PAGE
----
Prepared by Manfred Finckh, Janika Wendefeuer & Paulina Meller
Travellers in the dry tropics will often encounter landscapes where forest stands and open land meet with clear boundaries. The central Angolan highlands are such a landscape, with forests on the hills and open grassland in the valleys. Generally, such forest-grassland mosaics are interpreted as the result of disturbances by fire, waterlogging and/or large herbivores. However, anyone who has spent a night during the dry season there will quickly wonder whether frost might not also play a role in these vegetation patterns.
We therefore wanted to systematically investigate whether there is a frost-dominated lower treeline on the Angolan highlands and, if so, what role valley systems play in this and what this could mean for our understanding of tropical forest-grassland systems worldwide.
For our study, we chose two different approaches. Firstly, we used the supervised classification of a Landsat scene covering large areas of the still very natural eastern Angolan plateau to systematically investigate the forest-grassland distribution. We then placed a 1000 m grid over this classification and, using a digital elevation model placed underneath, queried the vegetation types and their elevation at each grid point. In addition, we used a “valley depths” analysis for each point to determine how deep it was below the crest line of the nearest hill range.
Secondly, we measured microclimatic data across topographic gradients at two sites along the Plateau. We were particularly interested in when and how often frost occurs during the year and how high the daily temperature fluctuations are.
Our results show that lower treelines separate forests from open habitats in all major valley systems. These treelines are located 150–200 m below the headwater divides. This shows that topography controls the frost patterns, with minimum temperatures of -7.5°C and diurnal temperature amplitudes up to 40°C. The physical mechanism causing the frosts is nocturnal outgoing thermal radiation facilitated by the clear sky during the dry season and resulting cold-air pooling in the valleys.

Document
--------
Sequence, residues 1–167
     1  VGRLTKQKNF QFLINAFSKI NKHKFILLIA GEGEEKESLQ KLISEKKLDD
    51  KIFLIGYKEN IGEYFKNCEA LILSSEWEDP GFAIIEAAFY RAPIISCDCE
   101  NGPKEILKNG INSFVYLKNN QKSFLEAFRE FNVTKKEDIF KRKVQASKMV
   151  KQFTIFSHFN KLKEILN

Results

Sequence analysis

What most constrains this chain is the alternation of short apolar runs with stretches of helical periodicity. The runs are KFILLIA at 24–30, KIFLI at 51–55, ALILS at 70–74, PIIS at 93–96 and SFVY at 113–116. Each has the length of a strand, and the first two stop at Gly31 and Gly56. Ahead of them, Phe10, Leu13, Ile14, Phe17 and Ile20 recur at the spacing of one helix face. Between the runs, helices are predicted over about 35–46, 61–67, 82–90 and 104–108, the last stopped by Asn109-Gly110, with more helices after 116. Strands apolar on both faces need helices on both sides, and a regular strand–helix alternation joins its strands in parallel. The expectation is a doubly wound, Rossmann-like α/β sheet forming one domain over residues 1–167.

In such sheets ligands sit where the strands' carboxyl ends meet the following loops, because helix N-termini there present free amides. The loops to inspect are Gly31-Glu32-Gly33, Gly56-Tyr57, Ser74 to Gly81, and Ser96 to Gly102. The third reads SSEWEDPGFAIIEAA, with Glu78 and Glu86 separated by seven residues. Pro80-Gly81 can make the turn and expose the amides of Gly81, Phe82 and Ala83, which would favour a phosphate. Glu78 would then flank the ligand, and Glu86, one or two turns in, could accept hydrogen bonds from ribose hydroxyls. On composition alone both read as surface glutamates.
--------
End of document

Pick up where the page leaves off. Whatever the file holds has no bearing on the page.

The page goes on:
Our results show that natural landscapes and vegetation in tropical mid-altitudes can be strongly shaped by frost. The physical processes causing frost depend particularly on air humidity. This has relevance for our understanding of the vegetation history of tropical mid altitudes. The considerably drier atmosphere and lower global temperatures, particularly during the cold phases of the Pleistocene about 12,000 to 2.6 million years ago, may have brought a longer frost season for many tropical highlands, with still lower minimum temperature and frost extending to lower elevations and latitudes than today. Thus, Pleistocene forest fragmentation in south-central Africa and the rise of endemism-rich grasslands in comparable tropical highlands like the Brazilian Cerrado and the Indian Ghats may have been a consequence of it becoming too cold for tropical tree species.
You can find more information about these fascinating landscapes at the Virtual Excursion to Cusseque, presented at the 63rd IAVS Annual Symposium (this year virtual), and on Twitter under #geoxyleoftheweek from @Undercovertrees.
This is a plain language summary for the paper of Manfred Finckh, Janika Wendefeuer and Paulina Meller published in the Journal of Vegetation Science (https://doi.org/10.1111/JVS.13084).